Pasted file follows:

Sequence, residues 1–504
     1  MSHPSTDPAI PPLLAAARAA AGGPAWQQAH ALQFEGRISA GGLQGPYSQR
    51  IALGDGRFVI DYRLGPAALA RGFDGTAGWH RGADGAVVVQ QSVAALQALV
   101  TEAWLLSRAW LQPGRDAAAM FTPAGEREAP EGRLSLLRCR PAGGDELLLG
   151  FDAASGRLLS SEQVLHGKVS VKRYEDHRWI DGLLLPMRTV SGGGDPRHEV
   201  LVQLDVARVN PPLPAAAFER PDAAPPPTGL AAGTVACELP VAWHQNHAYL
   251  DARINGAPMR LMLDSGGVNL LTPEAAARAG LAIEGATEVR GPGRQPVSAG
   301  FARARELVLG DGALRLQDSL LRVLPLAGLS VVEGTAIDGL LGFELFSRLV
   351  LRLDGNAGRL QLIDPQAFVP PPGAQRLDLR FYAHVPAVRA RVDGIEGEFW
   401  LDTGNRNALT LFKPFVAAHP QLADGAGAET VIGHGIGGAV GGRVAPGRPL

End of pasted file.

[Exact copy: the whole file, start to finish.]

Sequence, residues 1–504
     1  MSHPSTDPAI PPLLAAARAA AGGPAWQQAH ALQFEGRISA GGLQGPYSQR
    51  IALGDGRFVI DYRLGPAALA RGFDGTAGWH RGADGAVVVQ QSVAALQALV
   101  TEAWLLSRAW LQPGRDAAAM FTPAGEREAP EGRLSLLRCR PAGGDELLLG
   151  FDAASGRLLS SEQVLHGKVS VKRYEDHRWI DGLLLPMRTV SGGGDPRHEV
   201  LVQLDVARVN PPLPAAAFER PDAAPPPTGL AAGTVACELP VAWHQNHAYL
   251  DARINGAPMR LMLDSGGVNL LTPEAAARAG LAIEGATEVR GPGRQPVSAG
   301  FARARELVLG DGALRLQDSL LRVLPLAGLS VVEGTAIDGL LGFELFSRLV
   351  LRLDGNAGRL QLIDPQAFVP PPGAQRLDLR FYAHVPAVRA RVDGIEGEFW
   401  LDTGNRNALT LFKPFVAAHP QLADGAGAET VIGHGIGGAV GGRVAPGRPL